In another thread, Blumie wrote:
Jim, I'd love to hear your view after dining at USC. I've been twice since they've opened, and although I've enjoyed it, I still miss the old place a lot. I suspect that even if the food were identical at the new place -- and I don't think any of us has the skill that many of us think we do to identify it as the same, better, or worse -- I for one loved the warmth and intimacy of the old place, which the new location lacks. It's a beautiful space, with a great Danny Meyer-trained staff, but still it's not the same for me. Maybe it's just the case that today's reality can never, ever match nostalgia for yesterday; maybe it's just an unfair standard to which to hold any restaurant.
Don't doubt yourself. You may not be able to put your finger on it, but I'm sure of one thing after years of talking to many people about matters of taste and shifting restaurant quality: people are more sensitive to changes than they realize.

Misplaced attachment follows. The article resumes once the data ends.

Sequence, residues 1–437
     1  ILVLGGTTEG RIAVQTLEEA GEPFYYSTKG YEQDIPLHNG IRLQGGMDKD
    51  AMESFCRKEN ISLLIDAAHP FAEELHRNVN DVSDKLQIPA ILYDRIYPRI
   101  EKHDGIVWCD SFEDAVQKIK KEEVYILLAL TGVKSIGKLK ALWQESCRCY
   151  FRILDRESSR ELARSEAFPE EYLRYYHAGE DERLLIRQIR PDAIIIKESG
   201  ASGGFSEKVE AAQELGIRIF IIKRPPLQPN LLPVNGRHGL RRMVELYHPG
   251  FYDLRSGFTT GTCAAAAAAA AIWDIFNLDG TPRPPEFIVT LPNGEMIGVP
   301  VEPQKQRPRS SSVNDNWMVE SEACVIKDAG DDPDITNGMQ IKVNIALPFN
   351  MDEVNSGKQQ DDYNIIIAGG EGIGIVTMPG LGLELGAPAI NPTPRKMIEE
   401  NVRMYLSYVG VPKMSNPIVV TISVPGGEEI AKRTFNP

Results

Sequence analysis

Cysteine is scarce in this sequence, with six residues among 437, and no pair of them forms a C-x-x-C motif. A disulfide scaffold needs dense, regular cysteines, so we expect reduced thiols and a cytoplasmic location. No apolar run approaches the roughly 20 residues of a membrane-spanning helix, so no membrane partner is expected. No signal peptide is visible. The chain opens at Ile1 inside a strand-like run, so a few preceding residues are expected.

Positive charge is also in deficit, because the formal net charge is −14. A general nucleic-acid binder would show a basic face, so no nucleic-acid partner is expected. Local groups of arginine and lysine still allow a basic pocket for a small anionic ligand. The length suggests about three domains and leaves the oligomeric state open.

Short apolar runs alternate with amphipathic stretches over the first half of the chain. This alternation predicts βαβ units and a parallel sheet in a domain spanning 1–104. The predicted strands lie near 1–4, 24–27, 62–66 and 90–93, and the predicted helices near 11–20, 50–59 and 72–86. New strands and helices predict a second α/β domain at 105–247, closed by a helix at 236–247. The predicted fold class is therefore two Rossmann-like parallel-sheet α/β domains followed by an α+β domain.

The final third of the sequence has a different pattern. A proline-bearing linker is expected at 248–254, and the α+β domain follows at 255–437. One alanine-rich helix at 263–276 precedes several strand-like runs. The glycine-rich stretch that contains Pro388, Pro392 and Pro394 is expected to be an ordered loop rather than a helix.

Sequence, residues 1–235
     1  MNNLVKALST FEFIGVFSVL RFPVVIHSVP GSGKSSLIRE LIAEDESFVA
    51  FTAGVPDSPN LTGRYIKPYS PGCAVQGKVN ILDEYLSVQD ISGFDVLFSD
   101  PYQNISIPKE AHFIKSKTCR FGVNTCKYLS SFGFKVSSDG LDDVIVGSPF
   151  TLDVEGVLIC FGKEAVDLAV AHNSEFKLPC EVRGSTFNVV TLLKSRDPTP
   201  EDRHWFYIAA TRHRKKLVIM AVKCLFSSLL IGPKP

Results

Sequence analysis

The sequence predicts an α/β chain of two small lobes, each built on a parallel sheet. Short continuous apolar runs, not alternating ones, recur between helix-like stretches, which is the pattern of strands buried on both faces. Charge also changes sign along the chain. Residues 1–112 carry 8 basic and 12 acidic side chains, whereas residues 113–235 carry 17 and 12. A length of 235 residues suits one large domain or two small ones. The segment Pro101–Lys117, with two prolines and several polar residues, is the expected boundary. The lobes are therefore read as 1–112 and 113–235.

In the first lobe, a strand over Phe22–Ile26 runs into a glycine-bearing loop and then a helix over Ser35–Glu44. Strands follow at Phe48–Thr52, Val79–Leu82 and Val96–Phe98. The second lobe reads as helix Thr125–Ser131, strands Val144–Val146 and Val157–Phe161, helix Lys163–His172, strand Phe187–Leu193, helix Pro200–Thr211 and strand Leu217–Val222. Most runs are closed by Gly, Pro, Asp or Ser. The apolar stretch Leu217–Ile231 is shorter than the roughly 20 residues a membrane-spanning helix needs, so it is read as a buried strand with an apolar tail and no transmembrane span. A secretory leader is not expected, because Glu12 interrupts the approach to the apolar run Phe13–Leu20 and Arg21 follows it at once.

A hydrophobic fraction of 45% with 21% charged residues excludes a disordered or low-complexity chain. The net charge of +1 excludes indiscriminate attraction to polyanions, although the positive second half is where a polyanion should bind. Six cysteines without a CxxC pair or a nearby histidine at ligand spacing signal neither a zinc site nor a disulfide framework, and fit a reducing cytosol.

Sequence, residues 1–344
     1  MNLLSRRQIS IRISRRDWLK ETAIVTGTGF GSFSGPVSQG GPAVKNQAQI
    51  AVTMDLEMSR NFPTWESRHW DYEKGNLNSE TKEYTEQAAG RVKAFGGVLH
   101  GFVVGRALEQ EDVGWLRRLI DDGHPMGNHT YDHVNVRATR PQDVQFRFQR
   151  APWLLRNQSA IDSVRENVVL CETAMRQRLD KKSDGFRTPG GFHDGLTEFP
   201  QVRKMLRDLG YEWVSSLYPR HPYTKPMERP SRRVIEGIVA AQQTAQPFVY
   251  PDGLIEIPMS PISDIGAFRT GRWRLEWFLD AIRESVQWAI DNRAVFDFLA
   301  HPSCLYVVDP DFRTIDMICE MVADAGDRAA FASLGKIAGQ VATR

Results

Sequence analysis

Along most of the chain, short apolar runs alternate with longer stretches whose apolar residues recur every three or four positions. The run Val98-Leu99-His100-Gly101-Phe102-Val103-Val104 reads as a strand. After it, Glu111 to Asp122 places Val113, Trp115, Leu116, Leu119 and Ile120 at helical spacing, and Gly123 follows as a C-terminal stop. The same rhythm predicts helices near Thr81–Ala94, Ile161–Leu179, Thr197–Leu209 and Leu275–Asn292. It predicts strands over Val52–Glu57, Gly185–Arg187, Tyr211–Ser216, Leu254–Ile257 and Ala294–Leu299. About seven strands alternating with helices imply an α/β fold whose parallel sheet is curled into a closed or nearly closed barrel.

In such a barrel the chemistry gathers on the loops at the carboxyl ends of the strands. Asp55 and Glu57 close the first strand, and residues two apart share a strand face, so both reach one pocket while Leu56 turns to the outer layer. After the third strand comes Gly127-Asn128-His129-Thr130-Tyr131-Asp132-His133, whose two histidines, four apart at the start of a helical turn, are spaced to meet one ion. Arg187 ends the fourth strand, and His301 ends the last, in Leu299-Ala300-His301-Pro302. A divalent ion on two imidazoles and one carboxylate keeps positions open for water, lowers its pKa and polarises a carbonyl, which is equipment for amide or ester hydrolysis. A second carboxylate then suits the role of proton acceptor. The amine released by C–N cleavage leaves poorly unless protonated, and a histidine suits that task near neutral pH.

(But due to self-underestimation, they mistrust their perceptions. This is how NYC slice pizza sank to the level of animal feed in ten years while maintaining traffic. If you degrade something gradually enough, people assume it's "just them", ala "guess I just don't like pizza as much anymore." This also explains the sharp decline of those large-format Pepperidge Farm cookies...we all think they were great once, and perhaps still buy them, but it's all kind of hazy. This also explains how lobsters are cooked ("Carl, am I crazy, or is the water starting to get a bit warm?")).
USC wasn't just another restaurant. It was a unique (and necessary) innovation, adopting a radical credo for its time: that a quality restaurant, in a place where customers are sophisticated about food, doesn't need to clobber customers over the head (via stuffy decor/service, as well as shmancy ingredients/seasonings/presentations) with obtrusive gestures of upscale-ness to justify its up-charge. No need to press status buttons. Just cook and serve the usual stuff really well, and people will pay more, even if their status buttons aren't relentlessly pressed.
USC was just another neighborhood tavern, but one that cooked and served way better than it needed to, with commensurate up-charge. It's a VERY chowhound-ish proposition (though probably not for those who mistakenly visualize chowhounds as bottom-feeding taco-scarfers in shabby raincoats), and it gave the place a certain shimmering glow for people like you and I, and I never expected that special quality to survive the transfer. I haven't been yet, but I assume the new USC is just another perfectly good Danny Meyer joint.